Major Issue Essay
R C 2001
Religion in American High Schools
Religion’s effect on culture is apparent from the role of priests in early societies like Mesopotamia to the ongoing debate of what role religion should play in American Public schools. In 1947, the supreme court incorporated the Establishment Clause into the first Amendment prohibiting “any law ‘respecting an establishment of religion.’,” (la.cornell.edu). Then, on June 25th, 1962, the Engle vs. Vitale case arose questioning “Whether school-sponsored nondenominational prayer in public schools violates the Establishment Clause of the First Amendment,” (uscourts.gov). The U.S. Supreme Court ruled that voluntary prayer within public schools did indeed violate the establishment clause of the first amendment. Since then, there has been an ongoing debate regarding religions place in public schools. Religion has always played a role in the world and in recent years’ religious participation has shown growth on college campuses. In the article “What Is the Purpose of The American High School,” published by the Association for Supervision and Curriculum Development, Steven Weber says the goal of the system is “to graduate all students ‘college and career ready.’.” (Edge.asdc.org) While religion’s role on college campuses continues to grow American high school’s inclusion of the subject does not. The inclusion of religion in the education of students attending public high schools will enhance student’s college readiness while also serving as a tool for students understanding of others.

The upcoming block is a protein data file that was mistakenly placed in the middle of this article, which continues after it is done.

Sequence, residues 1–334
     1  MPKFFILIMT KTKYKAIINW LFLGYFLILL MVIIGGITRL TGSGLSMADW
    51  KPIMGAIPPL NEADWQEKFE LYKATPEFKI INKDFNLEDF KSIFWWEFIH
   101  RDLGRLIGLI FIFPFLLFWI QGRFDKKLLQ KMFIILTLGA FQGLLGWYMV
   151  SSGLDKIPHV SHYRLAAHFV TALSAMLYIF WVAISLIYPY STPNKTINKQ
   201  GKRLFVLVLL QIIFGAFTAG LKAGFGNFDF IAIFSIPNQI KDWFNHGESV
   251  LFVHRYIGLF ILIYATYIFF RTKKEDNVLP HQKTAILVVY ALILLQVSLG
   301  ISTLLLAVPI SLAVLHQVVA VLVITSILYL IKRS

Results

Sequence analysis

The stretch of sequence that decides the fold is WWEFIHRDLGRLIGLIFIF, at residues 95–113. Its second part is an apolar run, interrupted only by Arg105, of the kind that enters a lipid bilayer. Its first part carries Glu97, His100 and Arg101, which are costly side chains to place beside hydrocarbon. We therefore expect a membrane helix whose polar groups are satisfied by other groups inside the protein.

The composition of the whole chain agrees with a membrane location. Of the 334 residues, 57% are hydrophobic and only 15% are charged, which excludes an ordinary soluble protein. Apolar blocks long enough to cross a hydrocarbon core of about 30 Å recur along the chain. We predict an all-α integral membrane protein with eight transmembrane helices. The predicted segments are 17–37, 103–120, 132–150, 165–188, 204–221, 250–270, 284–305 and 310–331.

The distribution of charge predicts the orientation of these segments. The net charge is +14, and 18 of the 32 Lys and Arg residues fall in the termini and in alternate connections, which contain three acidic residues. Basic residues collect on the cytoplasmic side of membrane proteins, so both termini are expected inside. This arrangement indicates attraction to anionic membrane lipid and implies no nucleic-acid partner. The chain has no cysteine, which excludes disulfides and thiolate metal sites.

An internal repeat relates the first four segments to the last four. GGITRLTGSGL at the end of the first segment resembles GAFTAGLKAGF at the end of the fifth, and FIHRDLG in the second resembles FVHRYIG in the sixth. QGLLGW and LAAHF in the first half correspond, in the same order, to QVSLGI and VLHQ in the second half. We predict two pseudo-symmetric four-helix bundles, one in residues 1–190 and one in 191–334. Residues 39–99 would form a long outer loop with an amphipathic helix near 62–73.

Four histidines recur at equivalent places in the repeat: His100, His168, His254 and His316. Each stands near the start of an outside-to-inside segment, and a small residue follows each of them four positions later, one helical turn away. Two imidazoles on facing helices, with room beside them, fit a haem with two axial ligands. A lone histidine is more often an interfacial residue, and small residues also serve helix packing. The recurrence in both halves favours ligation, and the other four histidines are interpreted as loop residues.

Stephen Prothero is chair of the Department of Religion at Boston University along with being a published author in five continents. He wrote a piece published by CNN called “My Take: Why American public schools need religion courses.” In the piece Prothero uses loaded vocabulary throughout his writing and ends the article by making the claim that religious courses in high school are the solutions to “our national epidemic of religious illiteracy.” (religion.blogs.cnn.com). As of now, public school teachers are being restricted when it comes to teaching religion. On July 12th, 1995, a “Memorandum on Religious Expression in Public Schools” was released by William J. Clinton. In the memorandum, Clinton addresses the teaching of religion where it is stated, “Public schools may not provide religious instruction, but they may teach about religion,” (presidency.ucsb.edu). The memorandum goes on to clear up that teaching “about religion,” includes ideas such as “The history of religion” and “religious influences on art, music, literature, and social studies.” This meaning that teachers can instruct concerning religion objectively when it fits into a subject already being taught. Pewforum.org conducted a survey at their research asking people “How much do you know about Muslim Religion,” the survey began in November of 2001 and continued through August of 2010 (Pewforum.org). Answer choices on the survey ranged from “don’t know” to “a great deal,” the highest percent of people that chose the answer choice “a great deal” was 9% leaving the other 91% of people in the range of “don’t know” to “some.” With that, as Cathy Lynn said in a piece for USA Today concerning the same survey, “Can you take a stance on foreign affairs if you don’t know that Indonesia, like Pakistan, is primarily Muslim?” (content.usatoday.com). As a country and world we need to be in the range of knowing “a great deal” so that the views and opinions we bring to the table are meaningful and knowledge based, getting to that point starts in the American high school.